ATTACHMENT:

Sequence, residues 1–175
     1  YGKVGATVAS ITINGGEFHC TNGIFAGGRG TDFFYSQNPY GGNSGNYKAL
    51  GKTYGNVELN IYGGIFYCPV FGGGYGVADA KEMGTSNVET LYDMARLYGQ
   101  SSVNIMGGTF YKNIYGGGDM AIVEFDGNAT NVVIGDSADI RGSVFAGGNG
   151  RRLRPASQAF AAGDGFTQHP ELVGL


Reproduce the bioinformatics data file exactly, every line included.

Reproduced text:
Sequence, residues 1–175
     1  YGKVGATVAS ITINGGEFHC TNGIFAGGRG TDFFYSQNPY GGNSGNYKAL
    51  GKTYGNVELN IYGGIFYCPV FGGGYGVADA KEMGTSNVET LYDMARLYGQ
   101  SSVNIMGGTF YKNIYGGGDM AIVEFDGNAT NVVIGDSADI RGSVFAGGNG
   151  RRLRPASQAF AAGDGFTQHP ELVGL